Power Scaling vs. Variable Power

Electronics often allows for the accomplishment of a particular goal in many different ways. For guitar amp users, controlling how loud or quiet their amp is while achieving a “cranked” sound has always been difficult. Attenuators can be placed between the speaker and amplifier to provide some means of control, but they tend to alter the sound and shorten tube life. The overdriven amp will clip its output continuously at its full rating.

Controlling Power

Power control methods have been around longer than electronics itself, but electronic control of power provides the greatest versatility of control attributes combined with low cost and fine resolution of control. Electronic methods had their beginnings with had active gain elements, such as vacuum tubes. With semi-conductor technology, power control is much easier to implement, using very low-cost devices and minimal space.

Scaling Power: Player’s Perspective & Electronic Perspective

Back to our guitar player with cranked tone. His goal is to get that same sound in the same way, at reduced volume, BUT without having to get a whole new smaller-quieter amp. The goal, then, is to “Power Scale the amp”, which will achieve “Power Scaling the sound”. The mission, then, is Power Scaling.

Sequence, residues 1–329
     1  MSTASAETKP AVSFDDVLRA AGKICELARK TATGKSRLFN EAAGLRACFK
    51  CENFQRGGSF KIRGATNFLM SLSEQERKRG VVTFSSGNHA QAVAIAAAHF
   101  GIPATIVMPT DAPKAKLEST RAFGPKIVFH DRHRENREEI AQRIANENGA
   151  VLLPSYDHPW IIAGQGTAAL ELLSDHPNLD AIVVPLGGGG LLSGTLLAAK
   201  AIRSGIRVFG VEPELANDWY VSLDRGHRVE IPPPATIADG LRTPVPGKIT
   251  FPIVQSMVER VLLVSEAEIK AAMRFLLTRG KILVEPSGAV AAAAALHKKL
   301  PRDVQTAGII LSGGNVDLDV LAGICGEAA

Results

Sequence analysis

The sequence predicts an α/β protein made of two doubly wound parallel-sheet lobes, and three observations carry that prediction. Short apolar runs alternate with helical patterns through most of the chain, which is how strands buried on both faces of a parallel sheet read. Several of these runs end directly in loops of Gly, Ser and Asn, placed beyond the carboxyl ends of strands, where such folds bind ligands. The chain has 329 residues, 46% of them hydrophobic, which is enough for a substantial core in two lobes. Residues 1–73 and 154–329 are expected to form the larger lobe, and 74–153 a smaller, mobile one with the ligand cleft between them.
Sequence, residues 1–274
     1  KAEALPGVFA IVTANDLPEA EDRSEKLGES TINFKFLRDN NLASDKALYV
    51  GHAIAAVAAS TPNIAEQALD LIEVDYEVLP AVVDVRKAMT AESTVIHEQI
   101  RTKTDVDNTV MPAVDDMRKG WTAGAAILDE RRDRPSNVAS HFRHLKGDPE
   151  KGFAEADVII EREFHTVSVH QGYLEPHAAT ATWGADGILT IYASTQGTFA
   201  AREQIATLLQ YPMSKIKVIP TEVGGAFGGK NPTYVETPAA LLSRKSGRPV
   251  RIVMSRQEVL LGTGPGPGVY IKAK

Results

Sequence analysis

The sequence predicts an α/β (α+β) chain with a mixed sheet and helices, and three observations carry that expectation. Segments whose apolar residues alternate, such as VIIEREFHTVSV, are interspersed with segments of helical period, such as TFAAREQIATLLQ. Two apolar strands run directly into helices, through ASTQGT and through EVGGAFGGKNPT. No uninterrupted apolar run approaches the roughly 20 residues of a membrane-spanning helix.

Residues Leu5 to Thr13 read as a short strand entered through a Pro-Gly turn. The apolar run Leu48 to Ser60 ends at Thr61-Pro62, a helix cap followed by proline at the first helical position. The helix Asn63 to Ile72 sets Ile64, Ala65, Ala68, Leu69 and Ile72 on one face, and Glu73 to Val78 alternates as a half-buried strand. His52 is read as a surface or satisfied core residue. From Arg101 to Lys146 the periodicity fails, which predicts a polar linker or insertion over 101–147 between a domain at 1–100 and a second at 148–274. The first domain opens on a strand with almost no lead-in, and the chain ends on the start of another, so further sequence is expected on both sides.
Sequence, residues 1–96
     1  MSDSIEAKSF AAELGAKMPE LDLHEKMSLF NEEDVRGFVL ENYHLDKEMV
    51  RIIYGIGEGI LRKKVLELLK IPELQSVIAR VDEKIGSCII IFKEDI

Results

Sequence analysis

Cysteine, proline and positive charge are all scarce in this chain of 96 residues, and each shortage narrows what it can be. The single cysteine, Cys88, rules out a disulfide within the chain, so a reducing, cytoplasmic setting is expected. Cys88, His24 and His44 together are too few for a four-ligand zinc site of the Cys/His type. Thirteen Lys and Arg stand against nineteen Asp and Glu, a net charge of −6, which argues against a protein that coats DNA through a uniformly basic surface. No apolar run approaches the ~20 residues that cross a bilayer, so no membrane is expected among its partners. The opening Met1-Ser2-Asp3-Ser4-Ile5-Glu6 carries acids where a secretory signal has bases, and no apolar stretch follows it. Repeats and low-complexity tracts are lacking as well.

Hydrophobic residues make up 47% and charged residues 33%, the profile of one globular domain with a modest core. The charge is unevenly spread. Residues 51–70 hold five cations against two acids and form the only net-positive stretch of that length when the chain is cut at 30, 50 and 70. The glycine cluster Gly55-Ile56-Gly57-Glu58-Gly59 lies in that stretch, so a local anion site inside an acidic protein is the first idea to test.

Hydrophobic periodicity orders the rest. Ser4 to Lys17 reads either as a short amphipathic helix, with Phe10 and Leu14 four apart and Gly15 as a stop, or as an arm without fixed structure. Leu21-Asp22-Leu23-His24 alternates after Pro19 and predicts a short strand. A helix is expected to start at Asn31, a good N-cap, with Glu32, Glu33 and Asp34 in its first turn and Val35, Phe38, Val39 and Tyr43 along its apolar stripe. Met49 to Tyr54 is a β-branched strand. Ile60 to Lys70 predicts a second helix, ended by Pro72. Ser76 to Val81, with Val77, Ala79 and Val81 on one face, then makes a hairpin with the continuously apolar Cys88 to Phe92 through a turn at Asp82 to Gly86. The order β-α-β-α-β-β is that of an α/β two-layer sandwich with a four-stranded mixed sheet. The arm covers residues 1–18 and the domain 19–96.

To top it off, how we get there (electronically speaking) is also Power Scaling.

If we maintain the “sound” of the amp while reducing its power output, we have by definition Power Scaled it. So, Power Scaling is the “methodology” we use to attain the sonic goal of Power Scaling. It is not overblown semantics to say that both the goal and how we get there are the same thing – Power Scaling. Both are intertwined: the goal defines the method, and the method achieves the goal.

Foundations: Transfer Curves

The amplifier has a certain “response” to the input signal. It produces an output with characteristics specific to the amplifier design and component choice. If we swap tube types, it sounds a little different, because now it is effectively a different amp with a new response. That response is referred to as a “transfer curve”. This is just a way of relating the output to the input. If we maintain the shape of the transfer curve, then we will maintain the sound, even if we make that curve “look” smaller. This is what Power Scaling achieves.

Transfer curves are generally considered on a single-stage basis in traditional tube electronic analysis, but I have extended the application here. An entire block of circuitry has a net transfer curve, as does the entire amplifier. For the most part, when we implement Power Scaling, it is not necessary to alter or control the entire amplifier circuit, but just a portion of it. Usually, this control is confined to the output stage, or possibly the whole power amp. This is the circuit area in which the greatest signal dynamics occur, and where signal processing from preceding stages is “swamped” by, say, hard clipping of the power stage.